Lemley named director of OUWB Medical Library
An image of Trey Lemley
Lemley, who has seven degrees including a master’s degree in library/information science (MLIS) and a doctorate in jurisprudence (J.D.), joined OUWB effective Sept. 1.

Oakland University William Beaumont School of Medicine recently welcomed a new director for its medical library — Trey Lemley.

Lemley, who has seven degrees including a master’s degree in library/information science (MLIS) and a doctorate in jurisprudence (J.D.), joined OUWB effective Sept. 1.

In this role, Lemley is responsible for the operation of library services for medical school students, faculty, and staff, as well as continued development and oversight of the medical library program.

He’s looking forward to making a difference in the OUWB community.

“I hope that in a year people say that I’m very effective in my role, and show great leadership abilities,” he says.

Based on what the OUWB community has shown him so far, he says, Lemley fully expects to thrive.

“Everyone has been lovely,” he said. “Very kind, nurturing, and helpful.”

Doug Gould, Ph.D., professor and chair, Department of Foundational Medical Studies, says Lemley “is an ideal candidate to build our Medical Library Program,

“He has a rich and diverse academic background and a wealth of experience at a well-established medical school,” says Gould. “Upon chatting with him, folks will immediately recognize his professional and thoughtful demeanor — he is an excellent fit for OUWB.”

‘More degrees than a thermometer’

Lemley was born in Alabama, but his family frequently moved when he was younger.

When he was six years old, for example, they moved to Liberia, on the west African coast.

His father ran the railroad for Liberia Mining Co., a subsidiary of Republic Steel. They lived in Bomi Hills, which at the time was the largest iron ore mine on the African continent. When his father wrote a book about alleged government corruption, the family had to leave.

After a brief period in Atlanta, the family ended up in Indiana when he was nine years old.

Throughout it all, there was one constant that remains to this day: A love of learning.

Lemley is a graduate of the University of Texas at Austin, Indiana University Bloomington, and the University of Louisville. He has bachelor’s degrees in history, political science, and psychology, master’s degrees in library/information science (MLIS), music (organ performance), and political science, and a doctorate in jurisprudence from the Indiana University Bloomington School of Law.

“I like to say I have more degrees than a thermometer and the student loan debt to prove it,” he says with a laugh.

Lemley says he pursued the various degrees largely based on his personal interests in a wide variety of topics.

However, it was the MLIS that he says brought them all together.

“When I was 10 years old, instead of playing sports I would go to the library and peruse books,” he says. “When I was older, I realized that I spent so much of my life in libraries that maybe I should work in one.”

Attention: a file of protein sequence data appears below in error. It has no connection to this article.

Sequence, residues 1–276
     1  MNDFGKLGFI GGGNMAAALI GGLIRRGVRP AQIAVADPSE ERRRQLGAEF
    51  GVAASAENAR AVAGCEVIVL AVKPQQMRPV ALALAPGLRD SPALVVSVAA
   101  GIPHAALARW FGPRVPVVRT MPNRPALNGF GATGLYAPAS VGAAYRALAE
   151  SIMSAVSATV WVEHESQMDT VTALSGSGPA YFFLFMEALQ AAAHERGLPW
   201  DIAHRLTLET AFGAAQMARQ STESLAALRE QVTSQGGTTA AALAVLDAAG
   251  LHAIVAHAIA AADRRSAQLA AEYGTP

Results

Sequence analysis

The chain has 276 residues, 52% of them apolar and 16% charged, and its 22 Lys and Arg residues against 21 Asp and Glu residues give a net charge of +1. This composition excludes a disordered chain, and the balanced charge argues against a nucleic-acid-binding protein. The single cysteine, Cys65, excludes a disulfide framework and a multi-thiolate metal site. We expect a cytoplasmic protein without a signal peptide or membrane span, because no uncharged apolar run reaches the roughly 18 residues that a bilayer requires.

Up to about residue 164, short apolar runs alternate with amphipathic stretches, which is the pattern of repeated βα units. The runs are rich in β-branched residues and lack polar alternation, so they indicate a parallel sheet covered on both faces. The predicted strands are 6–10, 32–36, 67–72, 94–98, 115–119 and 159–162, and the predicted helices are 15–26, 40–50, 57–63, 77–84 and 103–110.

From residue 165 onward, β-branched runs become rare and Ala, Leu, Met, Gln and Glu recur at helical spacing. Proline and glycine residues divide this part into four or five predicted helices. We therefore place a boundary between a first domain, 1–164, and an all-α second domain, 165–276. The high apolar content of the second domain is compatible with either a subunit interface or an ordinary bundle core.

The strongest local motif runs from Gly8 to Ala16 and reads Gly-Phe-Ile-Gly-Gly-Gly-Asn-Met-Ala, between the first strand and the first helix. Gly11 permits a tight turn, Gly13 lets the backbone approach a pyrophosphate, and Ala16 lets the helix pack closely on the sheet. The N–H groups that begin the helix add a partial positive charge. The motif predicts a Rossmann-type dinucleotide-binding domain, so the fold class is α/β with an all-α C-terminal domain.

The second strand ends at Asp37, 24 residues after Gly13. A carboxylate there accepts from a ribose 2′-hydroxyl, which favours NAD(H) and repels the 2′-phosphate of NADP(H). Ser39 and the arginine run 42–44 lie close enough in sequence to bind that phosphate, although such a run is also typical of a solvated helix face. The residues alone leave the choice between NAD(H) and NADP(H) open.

Lemley says he enjoys working in the library setting primarily because he likes helping students, and working with faculty. Concurrently, he is always learning new things, especially with regard to the continual evolution of the way people access library content.

“It’s very gratifying,” he says.  

Moving 1,000 miles away

Prior to joining OUWB, Lemley was at the University of South Alabama Biomedical Library, where he most recently served as head of Reference and Collection Development.

He started at the University of South Alabama in 2006 as a reference and research librarian at the assistant librarian rank and was granted tenure and promoted to associate librarian in 2012 and senior librarian in 2017.

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Throughout his 16-year career at the University of South Alabama, Lemley published extensively in peer-reviewed journals and textbooks. Among the proudest moments of his career, in fact, is co-authoring a paper published in the Journal of Academic Librarianship that examined if students study better in silence or with varying degrees of noise.

“When you have a paper that’s accepted by a leading journal like that it’s very exciting,” says Lemley.

Lemley also has been very active in service to numerous library organizations at the national, regional, and local levels, as well as to the University of South Alabama, and the Mobile, Alabama community at large.

He helped to develop the role of the embedded librarian in various nursing classes and served as a liaison to different departments in the College of Allied Health of the University of South Alabama. He has been active in supporting the research needs both of faculty and students in the health sciences.

In addition to his work in academic librarianship, Lemley is a professional musician, most recently serving as the director of music for the Cathedral Basilica of the Immaculate Conception in Mobile. He was an adjunct instructor of political science/criminal justice at the University of South Alabama, where he taught a senior-level course in international law, and he is a member of the State Bar of Georgia.

There are a few other things Lemley says he wants people to know about him.

“I think I’m very approachable, try to be friendly…and just try to be a good person,” he says.

He’s also “just very intellectually curious and always seeking out new experiences.”

“That’s a big part of the reason why I gave up a comfortable life in Alabama and moved 1,000 miles away,” he says with a smile.

For more information, contact Andrew Dietderich, marketing writer, OUWB, at [email protected].

To request an interview, visit the OUWB Communications & Marketing webpage.

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